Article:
|Topic Review (Newest First)|
|05-07-2014 04:55 PM|
I don't use kibble , and when I recommend one it would be Orijen, so I don't have a favourite one , Purina or BB.
Blue Buffalo did not single out Purina . When other companies are mentioned , and BB did make a comparison graph using several , that is still exposure. It did not say "they" were bad .
So what happens to this then Purina Dog Chow Light and Healthy | Review and Rating
The first ingredient in this dog food is corn. Corn is an inexpensive and controversial cereal grain. And aside from its energy content, this grain is of only modest nutritional value to a dog.
For this reason, we do not consider corn a preferred component in any dog food.
The second ingredient is soybean hulls. The hulls are the skins of soybeans and a waste product remaining after processing soybeans into oil and meal.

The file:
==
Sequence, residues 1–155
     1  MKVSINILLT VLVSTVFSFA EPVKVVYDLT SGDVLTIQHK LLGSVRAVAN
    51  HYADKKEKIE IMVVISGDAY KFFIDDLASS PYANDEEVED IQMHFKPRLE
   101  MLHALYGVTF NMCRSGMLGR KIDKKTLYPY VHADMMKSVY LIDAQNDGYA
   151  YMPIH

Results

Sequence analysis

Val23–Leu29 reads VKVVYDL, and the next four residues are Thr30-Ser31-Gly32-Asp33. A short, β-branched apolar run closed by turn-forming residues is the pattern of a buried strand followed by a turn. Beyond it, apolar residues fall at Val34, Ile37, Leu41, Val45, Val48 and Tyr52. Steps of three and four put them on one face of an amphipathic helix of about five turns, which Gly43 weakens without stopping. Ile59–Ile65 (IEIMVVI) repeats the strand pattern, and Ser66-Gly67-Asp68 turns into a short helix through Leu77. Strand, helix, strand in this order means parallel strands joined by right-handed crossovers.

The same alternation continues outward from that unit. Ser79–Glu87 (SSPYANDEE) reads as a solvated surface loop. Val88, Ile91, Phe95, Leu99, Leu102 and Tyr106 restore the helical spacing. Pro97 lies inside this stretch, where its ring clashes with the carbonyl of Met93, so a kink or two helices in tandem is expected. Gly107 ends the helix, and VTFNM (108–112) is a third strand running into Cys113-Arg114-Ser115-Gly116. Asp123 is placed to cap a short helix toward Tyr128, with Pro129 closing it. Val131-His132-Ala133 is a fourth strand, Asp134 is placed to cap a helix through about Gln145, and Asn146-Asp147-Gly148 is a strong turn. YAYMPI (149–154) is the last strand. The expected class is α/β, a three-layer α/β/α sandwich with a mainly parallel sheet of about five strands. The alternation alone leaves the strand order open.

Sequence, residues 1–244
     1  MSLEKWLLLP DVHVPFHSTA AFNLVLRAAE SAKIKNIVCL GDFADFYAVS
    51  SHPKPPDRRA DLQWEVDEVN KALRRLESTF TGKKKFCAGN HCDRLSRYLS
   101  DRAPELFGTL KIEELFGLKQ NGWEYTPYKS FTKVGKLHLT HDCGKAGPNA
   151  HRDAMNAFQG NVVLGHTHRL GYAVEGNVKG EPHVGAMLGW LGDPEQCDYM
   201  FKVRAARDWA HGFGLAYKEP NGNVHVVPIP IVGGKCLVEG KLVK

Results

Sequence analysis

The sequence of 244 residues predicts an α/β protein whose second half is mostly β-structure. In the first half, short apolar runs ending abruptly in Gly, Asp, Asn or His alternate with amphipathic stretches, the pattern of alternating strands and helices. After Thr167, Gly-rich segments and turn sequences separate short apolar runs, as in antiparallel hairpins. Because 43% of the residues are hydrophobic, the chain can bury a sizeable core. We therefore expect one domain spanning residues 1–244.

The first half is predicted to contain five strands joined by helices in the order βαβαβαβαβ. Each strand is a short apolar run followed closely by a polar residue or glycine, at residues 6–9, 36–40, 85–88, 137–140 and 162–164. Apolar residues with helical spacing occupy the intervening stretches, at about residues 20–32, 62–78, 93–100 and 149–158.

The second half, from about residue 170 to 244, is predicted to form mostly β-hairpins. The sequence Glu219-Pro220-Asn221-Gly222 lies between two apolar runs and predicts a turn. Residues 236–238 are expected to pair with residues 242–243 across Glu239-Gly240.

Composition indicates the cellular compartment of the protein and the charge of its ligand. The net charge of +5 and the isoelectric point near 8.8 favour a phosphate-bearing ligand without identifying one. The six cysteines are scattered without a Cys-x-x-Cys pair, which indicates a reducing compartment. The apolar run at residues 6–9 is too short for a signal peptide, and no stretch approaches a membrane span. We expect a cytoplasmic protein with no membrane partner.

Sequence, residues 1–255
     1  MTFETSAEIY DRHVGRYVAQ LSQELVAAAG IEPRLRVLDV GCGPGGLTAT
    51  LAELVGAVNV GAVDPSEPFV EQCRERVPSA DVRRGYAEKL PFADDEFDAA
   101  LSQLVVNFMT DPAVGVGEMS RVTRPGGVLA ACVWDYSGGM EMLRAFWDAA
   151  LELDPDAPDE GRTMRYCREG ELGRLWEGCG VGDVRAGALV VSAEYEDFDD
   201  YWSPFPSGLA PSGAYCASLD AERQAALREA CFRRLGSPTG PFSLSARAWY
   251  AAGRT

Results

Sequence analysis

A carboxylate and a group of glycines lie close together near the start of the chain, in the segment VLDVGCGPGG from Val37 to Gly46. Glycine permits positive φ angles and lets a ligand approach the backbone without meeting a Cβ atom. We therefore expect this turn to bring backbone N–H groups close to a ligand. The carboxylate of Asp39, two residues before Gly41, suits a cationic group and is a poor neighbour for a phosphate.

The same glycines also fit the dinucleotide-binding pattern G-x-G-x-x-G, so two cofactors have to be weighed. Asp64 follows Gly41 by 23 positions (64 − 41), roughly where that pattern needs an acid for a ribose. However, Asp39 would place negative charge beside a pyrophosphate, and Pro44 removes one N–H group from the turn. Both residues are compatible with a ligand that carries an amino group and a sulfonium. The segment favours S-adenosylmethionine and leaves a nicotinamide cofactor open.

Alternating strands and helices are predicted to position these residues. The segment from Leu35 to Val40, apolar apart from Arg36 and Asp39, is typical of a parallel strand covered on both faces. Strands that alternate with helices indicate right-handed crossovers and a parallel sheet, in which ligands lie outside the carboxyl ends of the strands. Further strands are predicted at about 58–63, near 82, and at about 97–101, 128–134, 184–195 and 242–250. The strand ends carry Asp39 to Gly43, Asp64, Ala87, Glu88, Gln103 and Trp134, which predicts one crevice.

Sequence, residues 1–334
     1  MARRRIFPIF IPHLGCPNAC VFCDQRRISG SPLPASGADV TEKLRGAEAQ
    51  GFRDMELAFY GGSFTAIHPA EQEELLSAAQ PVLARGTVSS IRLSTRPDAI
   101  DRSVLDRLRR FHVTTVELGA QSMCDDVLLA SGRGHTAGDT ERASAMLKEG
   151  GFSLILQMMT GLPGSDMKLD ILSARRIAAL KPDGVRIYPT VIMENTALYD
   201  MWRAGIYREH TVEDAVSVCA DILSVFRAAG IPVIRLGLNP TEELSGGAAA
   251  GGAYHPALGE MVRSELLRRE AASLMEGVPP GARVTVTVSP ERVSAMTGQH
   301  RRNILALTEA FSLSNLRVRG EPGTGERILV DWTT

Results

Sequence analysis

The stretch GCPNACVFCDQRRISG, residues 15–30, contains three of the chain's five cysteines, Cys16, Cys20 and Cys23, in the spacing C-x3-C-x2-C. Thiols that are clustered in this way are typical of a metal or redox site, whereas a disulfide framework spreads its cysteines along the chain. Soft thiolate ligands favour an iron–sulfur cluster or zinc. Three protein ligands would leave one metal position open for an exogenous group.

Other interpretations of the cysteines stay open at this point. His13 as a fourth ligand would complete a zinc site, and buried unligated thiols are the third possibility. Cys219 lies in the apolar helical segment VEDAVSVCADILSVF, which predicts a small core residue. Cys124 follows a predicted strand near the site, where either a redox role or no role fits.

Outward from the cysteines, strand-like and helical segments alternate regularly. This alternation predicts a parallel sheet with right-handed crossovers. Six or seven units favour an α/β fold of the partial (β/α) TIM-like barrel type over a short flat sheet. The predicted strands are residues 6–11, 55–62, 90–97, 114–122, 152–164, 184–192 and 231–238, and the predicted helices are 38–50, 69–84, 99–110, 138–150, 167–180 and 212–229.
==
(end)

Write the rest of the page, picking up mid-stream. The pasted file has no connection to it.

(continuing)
Soybean hulls are often used as inexpensive fillers to dilute the energy content of various animal feeds.
We consider soybean hulls a lower quality pet food ingredient and of little nutritional value to a dog.
The third ingredient lists meat and bone meal, a dry “rendered product from mammal tissues, including bone, exclusive of any added blood, hair, hoof, horn, hide trimmings, manure, stomach and rumen contents”.1"
|05-07-2014 04:44 PM|
I'm not sure why Purina filed a civil suit except to make a big stink. I find this quite 'slimy' on their part as well. Not that I use their foods, but I certainly wouldn't after such a tasteless action on their part. Surely, if they had enough evidence, it would have been turned over to become a criminal suit?
I have no idea if BB is guilty of false advertisement or not. I am not impassioned for or against them. I'm feeling a bit passionate in my dislike for Purina at the moment, however.